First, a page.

Financial Sponsors Group: Career, Interview, & Opportunities

Explore Financial Sponsors Group investment banking: career path, salary, & exit opportunities
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By Mike Hinckley
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    The financial sponsors group (FSG) is an important player in the M&A market in the world of investment banking. But what exactly is FSG, and is it an exciting career path?

    In this article, we will address frequently asked questions about financial sponsors group investment banking, such as how to break into the group, salary and hours, and potential exit opportunities. 

    We’ll also go over “financial sponsors group” interview questions and offer advice on how to prepare for it. You’ll have a better understanding of what it takes to succeed in FSG investment banking by the end of this article. 

    What Is Financial Sponsors Group Investment Banking?

    A financial sponsors group is an in-house team that operates within an investment banking division of an investment bank. The role of a financial sponsors group is to advise alternative asset managers at pension funds, hedge funds, sovereign wealth funds, and private equity firms.

    A financial sponsors group acts as an industry group for entities that raise capital from investors, use this capital to invest in assets and companies.

    This definition makes a financial sponsors group sound like a financial institutions group. But they aren’t.  They are both specialized investment banking groups, but they differ in their focuses, and the types of clients they deal with.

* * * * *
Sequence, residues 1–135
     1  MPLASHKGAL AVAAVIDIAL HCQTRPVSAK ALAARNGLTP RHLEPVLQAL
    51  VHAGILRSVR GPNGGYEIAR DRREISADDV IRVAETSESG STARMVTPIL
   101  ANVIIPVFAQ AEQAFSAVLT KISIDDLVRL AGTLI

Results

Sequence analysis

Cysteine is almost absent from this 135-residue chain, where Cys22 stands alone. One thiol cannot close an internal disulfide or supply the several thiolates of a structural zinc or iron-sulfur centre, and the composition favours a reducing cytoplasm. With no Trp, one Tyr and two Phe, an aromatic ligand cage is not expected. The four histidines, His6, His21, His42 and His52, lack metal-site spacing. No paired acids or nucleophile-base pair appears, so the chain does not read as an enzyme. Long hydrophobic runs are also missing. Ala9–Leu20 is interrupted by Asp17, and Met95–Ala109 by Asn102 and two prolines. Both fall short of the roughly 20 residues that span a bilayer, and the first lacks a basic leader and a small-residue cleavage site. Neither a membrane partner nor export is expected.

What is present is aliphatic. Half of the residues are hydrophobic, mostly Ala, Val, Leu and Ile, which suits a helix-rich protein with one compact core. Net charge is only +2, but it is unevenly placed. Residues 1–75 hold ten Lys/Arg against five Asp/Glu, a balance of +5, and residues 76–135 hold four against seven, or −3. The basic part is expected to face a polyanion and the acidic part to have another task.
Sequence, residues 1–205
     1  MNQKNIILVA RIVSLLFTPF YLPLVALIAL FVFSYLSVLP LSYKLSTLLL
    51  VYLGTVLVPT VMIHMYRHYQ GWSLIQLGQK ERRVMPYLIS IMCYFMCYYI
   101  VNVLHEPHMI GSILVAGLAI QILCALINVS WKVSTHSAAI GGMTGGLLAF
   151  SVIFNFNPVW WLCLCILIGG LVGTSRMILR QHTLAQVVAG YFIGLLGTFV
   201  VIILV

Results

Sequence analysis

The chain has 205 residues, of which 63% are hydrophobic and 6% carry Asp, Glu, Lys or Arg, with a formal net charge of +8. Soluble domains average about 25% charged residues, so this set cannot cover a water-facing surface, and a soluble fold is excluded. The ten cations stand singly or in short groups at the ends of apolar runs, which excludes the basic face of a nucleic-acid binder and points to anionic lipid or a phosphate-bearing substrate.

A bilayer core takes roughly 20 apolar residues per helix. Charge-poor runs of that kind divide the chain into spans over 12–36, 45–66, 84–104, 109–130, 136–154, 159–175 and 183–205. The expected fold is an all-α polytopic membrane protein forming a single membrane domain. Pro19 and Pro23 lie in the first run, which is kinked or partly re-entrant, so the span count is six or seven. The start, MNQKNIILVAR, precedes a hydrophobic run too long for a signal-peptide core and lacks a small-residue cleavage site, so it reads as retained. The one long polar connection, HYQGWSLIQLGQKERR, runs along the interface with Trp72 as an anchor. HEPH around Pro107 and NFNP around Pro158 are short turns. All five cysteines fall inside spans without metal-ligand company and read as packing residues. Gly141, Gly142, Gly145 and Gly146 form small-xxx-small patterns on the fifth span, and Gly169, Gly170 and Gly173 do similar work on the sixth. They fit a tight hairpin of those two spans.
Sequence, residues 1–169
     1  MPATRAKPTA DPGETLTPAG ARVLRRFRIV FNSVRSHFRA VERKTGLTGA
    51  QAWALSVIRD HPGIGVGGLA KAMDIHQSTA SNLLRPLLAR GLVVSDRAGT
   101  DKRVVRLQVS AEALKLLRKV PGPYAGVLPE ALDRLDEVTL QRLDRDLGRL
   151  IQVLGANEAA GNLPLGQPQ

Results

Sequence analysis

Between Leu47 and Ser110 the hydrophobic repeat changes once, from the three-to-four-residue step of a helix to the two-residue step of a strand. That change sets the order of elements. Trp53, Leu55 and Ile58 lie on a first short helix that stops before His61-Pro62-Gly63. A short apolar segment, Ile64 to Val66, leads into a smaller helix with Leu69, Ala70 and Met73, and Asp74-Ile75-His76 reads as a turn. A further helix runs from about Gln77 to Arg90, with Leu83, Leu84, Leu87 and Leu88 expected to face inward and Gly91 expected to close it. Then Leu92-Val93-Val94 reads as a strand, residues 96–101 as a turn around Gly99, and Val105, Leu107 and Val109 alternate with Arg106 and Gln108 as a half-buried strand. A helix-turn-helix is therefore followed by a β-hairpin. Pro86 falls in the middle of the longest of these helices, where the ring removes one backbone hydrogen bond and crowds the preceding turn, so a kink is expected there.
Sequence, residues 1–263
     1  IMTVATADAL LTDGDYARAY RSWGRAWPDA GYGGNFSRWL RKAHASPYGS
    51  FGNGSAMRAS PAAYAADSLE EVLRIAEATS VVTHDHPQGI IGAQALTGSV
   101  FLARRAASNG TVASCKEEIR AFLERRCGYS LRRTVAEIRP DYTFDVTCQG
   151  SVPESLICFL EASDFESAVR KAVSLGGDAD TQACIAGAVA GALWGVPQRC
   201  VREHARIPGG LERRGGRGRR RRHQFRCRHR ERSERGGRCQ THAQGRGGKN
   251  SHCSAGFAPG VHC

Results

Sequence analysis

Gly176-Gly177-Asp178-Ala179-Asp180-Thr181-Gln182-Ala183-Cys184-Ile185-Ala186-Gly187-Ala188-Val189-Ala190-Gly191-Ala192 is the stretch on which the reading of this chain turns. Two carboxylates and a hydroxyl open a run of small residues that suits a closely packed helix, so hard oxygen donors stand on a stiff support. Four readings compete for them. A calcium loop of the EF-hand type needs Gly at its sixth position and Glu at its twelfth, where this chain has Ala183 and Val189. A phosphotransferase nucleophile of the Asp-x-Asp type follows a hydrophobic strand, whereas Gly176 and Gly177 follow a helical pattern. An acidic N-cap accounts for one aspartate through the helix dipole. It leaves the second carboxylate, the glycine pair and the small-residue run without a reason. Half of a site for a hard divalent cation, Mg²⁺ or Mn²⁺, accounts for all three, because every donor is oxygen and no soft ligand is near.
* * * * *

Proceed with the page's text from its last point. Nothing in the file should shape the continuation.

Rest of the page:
Financial sponsors groups mainly work with private equity firms but also deal with other specialized investment firms (e.g. special situation investors, credit managers, hedge funds, family offices, pension funds, and sovereign wealth funds). Interestingly, a financial sponsors group will not cover venture capital firms. This is because their deal sizes are normally quite small.  Meanwhile, financial institutions groups typically cover banks, insurance companies, fintech, and other financial firms.

    A financial sponsors group helps investors find and acquire companies, but they also often offer advisory services to help portfolio companies execute financing transactions (e.g. debt offerings). They essentially act as coverage groups for private equity firms, as they advise on all deal types.

    A financial institutions group normally works with insurance companies, banks, and some other financial institutions. Financial institutions groups provide financing, advisory services, and other services to these entities like helping them to raise capital and manage their assets.

    The deals that a financial sponsors group typically works on include:

    • Leveraged buyouts
    • High-yield debt insurances
    • Recapitalizations
    • New acquisitions
    • Sell-side mergers and acquisitions

    Is Financial Sponsors Group A Good Career Path?

    To put it simply, working for a financial sponsors group is a great career path. 

    Talent is always in high demand in the industry, and financial sponsors groups are great places to start if you want to get into the world of investment banking.

    The reason for this high demand is that private equity funds and hedge funds often recruit their future junior staff from investment bankers within the financial sponsor group. This is due to the fact that many analysts from this group already know many of the modeling and financial skills required to execute private equity transactions.

    Mid-level and senior bankers also highly rate an investment banking career within the financial sponsors group. In this role, you’ll be dealing with interesting and complex transactions. Clients also pay great fees, which means it can be a lucrative group as well.